That was the other thing that had surprised Doc since Sly showed up in town. His big brother had started attending church. Although as often as not, Brother Anthony’s services were more like going to the circus than a solemn worship ceremony. Still, it didn’t fit with everything Doc knew about his brother.

Doc pulled his truck into a parking spot beside the stable.

Sly rubbed his chin. “You know, I don’t think there’s any waiting period in Wyoming. We actually could build a wedding chapel in Culpepper. Or maybe an entire wedding complex with different themed spaces for different kinds of wedding.” He chuckled. “I can see it now. The medieval chapel, the outer space chapel, the equestrian chapel, the fairy-tale chapel, the superhero chapel, the sexy chapel. Now that would be a draw!”

Doc cut the engine and shook his head. “Talk to Karlan Culpepper about passing ordinances so you can build you wedding wonderland.”

He opened the door and slipped out. Sly got out on his side, and as he walked around the front of the truck, his expression was lit up with ideas. He spread his arms wide and said, “Wedding Wonderland! I can see it now.”

Doc snorted and walked on to the stable. “Mom dropped you on your head when you were a baby, didn’t she?”

Sly caught up and thumped him on the back. “Yeah. Right into a pile of money.”

 

Veterinarian’s Vixen is available now, exclusively at Amazon and for Kindle Unlimited for the time being, but it’ll be available elsewhere in a few months!

Character Interview – Willow Miller Stoltzfus from Willow: Bride of Pennsylvania

Jul 05, 2016

It’s been so much fun to bring some of my older characters up out of the dust of past books to hang out with them that I’m just going to keep going with it. Here’s a character who I spent a lot of time with last year, and who inadvertently ignited a much bigger fire of inspiration. It is, of course, Willow Miller from Willow: Bride of Pennsylvania, part of the epic American Mail-Order Brides series.

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Me: It’s nice to talk to you again, Willow.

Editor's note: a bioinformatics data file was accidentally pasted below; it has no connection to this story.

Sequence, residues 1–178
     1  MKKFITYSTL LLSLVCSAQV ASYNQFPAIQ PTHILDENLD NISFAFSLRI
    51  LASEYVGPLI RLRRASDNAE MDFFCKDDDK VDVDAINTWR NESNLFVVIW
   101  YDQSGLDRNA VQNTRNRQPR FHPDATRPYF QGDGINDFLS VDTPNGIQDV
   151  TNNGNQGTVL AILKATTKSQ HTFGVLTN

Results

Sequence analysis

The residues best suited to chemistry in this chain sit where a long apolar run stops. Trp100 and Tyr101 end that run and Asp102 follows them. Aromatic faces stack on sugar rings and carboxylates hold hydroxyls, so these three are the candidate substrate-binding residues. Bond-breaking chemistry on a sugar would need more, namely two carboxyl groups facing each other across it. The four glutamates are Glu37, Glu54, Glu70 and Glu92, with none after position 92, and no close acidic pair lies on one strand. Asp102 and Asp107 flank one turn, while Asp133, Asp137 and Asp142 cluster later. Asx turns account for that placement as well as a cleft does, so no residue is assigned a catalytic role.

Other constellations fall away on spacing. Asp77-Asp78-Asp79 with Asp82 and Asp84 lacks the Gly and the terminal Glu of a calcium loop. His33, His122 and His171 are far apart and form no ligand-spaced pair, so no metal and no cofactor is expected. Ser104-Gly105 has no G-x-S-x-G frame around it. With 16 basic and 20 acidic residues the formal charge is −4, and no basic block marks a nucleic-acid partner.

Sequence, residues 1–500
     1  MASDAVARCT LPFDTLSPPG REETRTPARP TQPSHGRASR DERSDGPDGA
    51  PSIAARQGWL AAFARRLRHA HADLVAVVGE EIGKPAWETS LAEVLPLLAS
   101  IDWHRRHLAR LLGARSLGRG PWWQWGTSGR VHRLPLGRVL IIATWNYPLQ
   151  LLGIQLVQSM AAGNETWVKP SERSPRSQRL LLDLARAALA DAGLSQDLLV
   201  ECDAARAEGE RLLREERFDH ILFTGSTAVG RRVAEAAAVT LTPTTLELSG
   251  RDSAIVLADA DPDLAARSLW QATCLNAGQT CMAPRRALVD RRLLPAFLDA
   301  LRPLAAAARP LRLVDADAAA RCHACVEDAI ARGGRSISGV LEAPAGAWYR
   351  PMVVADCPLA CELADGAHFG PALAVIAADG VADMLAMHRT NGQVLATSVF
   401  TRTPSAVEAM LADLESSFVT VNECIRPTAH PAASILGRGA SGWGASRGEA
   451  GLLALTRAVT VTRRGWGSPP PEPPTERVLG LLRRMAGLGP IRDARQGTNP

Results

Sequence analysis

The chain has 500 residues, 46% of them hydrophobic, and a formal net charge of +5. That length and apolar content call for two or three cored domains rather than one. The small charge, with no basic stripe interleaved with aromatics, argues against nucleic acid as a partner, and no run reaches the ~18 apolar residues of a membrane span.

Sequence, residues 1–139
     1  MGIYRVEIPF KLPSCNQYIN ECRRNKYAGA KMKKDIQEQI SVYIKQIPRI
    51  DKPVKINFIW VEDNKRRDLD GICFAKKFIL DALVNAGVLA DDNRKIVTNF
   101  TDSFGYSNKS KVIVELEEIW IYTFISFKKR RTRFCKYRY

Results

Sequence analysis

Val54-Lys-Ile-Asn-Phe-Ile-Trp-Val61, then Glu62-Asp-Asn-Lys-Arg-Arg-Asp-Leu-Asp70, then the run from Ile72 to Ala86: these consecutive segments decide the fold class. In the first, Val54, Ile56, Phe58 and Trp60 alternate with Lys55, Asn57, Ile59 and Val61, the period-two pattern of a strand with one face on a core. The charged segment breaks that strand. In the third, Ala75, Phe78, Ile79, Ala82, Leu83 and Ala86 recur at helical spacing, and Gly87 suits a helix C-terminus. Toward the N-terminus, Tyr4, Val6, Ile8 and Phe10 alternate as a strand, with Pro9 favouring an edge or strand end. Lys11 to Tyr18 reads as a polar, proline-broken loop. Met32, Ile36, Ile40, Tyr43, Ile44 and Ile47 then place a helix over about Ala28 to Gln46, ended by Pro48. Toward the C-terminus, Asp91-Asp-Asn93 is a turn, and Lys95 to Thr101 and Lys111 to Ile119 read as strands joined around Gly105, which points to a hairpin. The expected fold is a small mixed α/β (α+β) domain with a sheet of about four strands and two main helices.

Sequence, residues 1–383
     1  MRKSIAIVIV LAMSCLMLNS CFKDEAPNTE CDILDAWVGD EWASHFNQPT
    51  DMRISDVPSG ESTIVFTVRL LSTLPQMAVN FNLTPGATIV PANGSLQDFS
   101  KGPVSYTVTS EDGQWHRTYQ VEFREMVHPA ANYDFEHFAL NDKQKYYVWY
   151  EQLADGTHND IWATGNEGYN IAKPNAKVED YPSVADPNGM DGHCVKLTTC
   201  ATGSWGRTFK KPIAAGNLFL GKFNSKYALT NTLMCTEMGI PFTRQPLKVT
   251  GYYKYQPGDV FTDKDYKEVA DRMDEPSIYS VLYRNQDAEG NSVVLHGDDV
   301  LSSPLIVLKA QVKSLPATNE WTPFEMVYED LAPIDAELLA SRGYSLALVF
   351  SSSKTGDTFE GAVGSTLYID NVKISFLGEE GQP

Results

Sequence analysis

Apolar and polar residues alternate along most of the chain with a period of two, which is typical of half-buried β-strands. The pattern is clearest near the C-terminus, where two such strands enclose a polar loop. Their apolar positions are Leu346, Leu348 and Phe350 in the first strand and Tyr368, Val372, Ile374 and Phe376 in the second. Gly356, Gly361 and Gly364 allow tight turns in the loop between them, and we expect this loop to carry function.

Willow: (smiles sweetly) It’s nice to be talked to. 

Me: So I understand that prior to the start of your story, you had a connection to the Amish church? 

Willow: Yes. My grandfather was Amish, but he left the church. I’ve always been interested in my heritage, though. As I understand it, there was a lot of turmoil and strife within the Church during my grandfather’s time, as far back as the 1860s. 

Me: But your story takes place in 1890? 

Willow: Yes, it does. Although I understand that you’ve taken a lot of elements of mine and Amos’s story and moved it back to that more tumultuous time period in the history of the Amish church, the 1870s, for another project. 

Me: Shh! Don’t tell about that project yet. 😉 

Willow: Oh! Okay. My lips are sealed.

Me: So tell me a bit about what it was like to work with so many of the other heroines of the American Mail-Order Brides series at the factory in Lawrence, Massachusetts… 

Willow: It was strange and wonderful, trying and hopeful all at the same time. I’ve always been a little shy, and even though circumstances forced me to work for my living, it was simply lovely to become friends with such a wide variety of women. Rose, Gillian, and Emma became my particular friends, and I don’t know if I could have made it through without them. 

Me: As I understand it, you all had to seek situations as mail-order brides after the factory burned down. 

Willow: (blushing) Yes, that’s true. It was tragic and frightening. I still think that I may have caused the fire in some way. It has haunted me, and it caused a bit of stress between Amos and I when we were first married. 

Me: What made you choose to be Amos Stoltzfus’s bride? 

Willow: As I said, I come from Amish roots, and when I learned that Amos did as well, that, in fact, he was still living within that culture even though he was never baptized and wasn’t practicing the faith, I was intrigued. I felt in my heart that we were meant for each other. It has been a revelation to explore my Amish roots and to be drawn toward the faith of my ancestors once more. 

Me: I can’t imagine it was easy, though.